The Niger River Basin Agency recently launched a website to collect and share data on the river's water quality. The objective of such an initiative is to make public, all information on the pollution of the Niger River to raise public awareness on water quality.
The Niger River flows through six West African countries: Sierra Leone, Guinea, Mali, Benin, Niger and Nigeria. During its 4,180 km long journey, it is regularly polluted by human activities carried on in these different countries, in particular by pesticides used in agriculture, household waste or the dumping of waste water.
River Niger when crossing West Africa, passes through large cities such as Kouroussa or Bamako, where pollution spills on a large scale, threatening the health of riverside populations.
But for the past eight months, the Niger River Basin Agency, with the help of the NGOs Akvo and Via Water, has been working on the creation of a website which was launched on Monday 2 April 2018. This is only the first phase of the project which consists in collecting data on the river, around Bamako, the Malian capital.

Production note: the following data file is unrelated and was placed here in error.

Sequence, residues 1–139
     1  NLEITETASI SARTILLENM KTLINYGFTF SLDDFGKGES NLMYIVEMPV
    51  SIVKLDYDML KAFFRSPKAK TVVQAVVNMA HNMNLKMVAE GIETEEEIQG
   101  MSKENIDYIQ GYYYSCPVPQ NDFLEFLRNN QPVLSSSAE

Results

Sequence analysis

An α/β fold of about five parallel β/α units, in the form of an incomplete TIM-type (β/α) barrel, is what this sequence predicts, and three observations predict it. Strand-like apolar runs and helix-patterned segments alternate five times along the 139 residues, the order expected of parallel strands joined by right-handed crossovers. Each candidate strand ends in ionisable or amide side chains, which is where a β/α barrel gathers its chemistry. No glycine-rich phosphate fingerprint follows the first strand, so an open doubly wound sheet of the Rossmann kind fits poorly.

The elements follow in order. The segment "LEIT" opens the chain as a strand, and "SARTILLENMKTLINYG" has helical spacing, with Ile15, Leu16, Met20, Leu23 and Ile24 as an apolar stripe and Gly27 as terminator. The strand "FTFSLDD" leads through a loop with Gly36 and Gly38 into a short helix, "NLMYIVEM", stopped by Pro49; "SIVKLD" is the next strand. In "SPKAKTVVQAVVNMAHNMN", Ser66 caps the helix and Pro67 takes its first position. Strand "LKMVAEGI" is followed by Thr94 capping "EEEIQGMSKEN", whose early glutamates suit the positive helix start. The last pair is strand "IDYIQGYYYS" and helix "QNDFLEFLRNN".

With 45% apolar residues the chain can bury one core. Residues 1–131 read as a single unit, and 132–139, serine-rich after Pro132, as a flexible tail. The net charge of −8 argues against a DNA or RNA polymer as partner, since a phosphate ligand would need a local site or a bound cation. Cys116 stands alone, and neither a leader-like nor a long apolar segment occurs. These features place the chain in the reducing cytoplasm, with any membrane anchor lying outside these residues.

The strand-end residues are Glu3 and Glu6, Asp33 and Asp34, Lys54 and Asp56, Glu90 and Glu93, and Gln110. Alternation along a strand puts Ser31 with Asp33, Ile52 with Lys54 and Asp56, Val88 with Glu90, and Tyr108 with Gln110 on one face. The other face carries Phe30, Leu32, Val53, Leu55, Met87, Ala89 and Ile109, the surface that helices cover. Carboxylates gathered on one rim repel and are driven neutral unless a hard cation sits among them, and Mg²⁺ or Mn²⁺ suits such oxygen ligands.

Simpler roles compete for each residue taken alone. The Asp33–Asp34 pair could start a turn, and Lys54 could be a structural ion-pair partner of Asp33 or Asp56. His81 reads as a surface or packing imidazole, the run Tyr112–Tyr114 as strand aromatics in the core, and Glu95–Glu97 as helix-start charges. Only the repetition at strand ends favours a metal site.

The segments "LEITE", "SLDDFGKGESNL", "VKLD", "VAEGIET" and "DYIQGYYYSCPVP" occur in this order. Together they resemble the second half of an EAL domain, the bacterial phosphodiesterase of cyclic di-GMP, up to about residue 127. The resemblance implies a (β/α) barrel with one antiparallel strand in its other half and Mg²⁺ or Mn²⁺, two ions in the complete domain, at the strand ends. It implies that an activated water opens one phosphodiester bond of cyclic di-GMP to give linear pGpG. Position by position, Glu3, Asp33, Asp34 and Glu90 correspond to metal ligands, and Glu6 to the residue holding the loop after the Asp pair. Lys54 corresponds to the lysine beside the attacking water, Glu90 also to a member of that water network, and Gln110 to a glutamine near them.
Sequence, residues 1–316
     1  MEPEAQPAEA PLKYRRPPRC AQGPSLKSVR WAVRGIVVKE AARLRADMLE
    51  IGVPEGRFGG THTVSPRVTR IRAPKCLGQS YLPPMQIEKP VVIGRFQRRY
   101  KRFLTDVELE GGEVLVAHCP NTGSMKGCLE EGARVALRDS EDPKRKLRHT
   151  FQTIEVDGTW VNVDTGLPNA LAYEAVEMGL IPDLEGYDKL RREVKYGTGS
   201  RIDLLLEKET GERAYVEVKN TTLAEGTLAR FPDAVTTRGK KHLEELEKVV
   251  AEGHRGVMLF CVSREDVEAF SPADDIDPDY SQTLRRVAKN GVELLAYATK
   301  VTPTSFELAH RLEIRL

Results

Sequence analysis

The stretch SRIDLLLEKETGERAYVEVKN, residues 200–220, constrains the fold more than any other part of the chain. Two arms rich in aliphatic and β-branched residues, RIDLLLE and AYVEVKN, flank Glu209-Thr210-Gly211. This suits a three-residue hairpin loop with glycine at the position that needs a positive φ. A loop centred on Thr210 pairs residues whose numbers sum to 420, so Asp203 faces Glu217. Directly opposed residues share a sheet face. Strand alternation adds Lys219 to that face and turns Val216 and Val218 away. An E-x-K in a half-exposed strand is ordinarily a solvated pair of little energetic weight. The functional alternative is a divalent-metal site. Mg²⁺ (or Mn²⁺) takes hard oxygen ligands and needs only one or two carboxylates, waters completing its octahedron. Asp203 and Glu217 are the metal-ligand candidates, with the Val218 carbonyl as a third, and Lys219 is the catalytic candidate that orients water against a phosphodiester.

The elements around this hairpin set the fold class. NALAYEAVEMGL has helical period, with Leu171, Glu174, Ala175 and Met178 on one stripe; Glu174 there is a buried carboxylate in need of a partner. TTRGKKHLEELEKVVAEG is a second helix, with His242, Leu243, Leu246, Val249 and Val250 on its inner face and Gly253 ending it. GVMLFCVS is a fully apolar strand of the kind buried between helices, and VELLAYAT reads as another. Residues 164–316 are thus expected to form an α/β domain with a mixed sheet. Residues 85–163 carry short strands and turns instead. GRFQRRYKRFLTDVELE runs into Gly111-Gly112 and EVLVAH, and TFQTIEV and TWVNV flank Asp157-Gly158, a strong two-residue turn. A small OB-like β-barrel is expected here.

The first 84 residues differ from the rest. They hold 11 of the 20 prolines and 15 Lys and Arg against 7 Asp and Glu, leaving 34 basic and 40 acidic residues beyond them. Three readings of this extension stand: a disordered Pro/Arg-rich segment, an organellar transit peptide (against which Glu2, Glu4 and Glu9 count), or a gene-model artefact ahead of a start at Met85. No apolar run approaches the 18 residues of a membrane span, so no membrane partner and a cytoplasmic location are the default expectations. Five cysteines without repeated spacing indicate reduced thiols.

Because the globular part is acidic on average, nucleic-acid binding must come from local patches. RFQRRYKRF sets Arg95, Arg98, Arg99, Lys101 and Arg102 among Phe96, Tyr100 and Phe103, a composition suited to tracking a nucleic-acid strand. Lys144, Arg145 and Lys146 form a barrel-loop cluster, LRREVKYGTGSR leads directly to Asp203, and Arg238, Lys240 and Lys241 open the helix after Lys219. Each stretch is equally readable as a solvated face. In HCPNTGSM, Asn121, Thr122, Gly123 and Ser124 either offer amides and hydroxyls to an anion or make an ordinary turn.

To ensure the smooth running of this operation which will be conducted by 12 agents over 22 km, Akvo has developed the Akvo Caddisfly application, which facilitates the collection of information. For that, the agents will have at their disposal a rather sophisticated arsenal: sensors, strips and submarine drones.
Niger River; at the mercy of all pollution
According to Baba Farady N’diaye, who controls the ecosystem protection and management project at the Niger River Basin Agency in Bamako, all the garbage produced by the people ends up in the river. “Industrial and artisanal units, such as tanneries, dyers etc. all dump their wastewater directly into the river,” says Baba Farady N’diaye.
Sikasso, a region located upstream from the Malian capital, is mainly agricultural (mostly sorghum and millet) and fertilisers flow into the river.
A little further on, in Kangaba, it is the gold panning that contributes to the pollution of the third longest African river after the Nile in North Africa and the Congo in Central Africa. To extract gold, a number of toxic products such as mercury or cyanide, which is found in river waters, must be used.
From the data collected, researchers will determine the ph, nitrates, nitrites and chloride levels in the watercourse. All this information will then be published on the site in full or simplified version, in order to make everyone aware of water quality.
Jean Marie Takouleu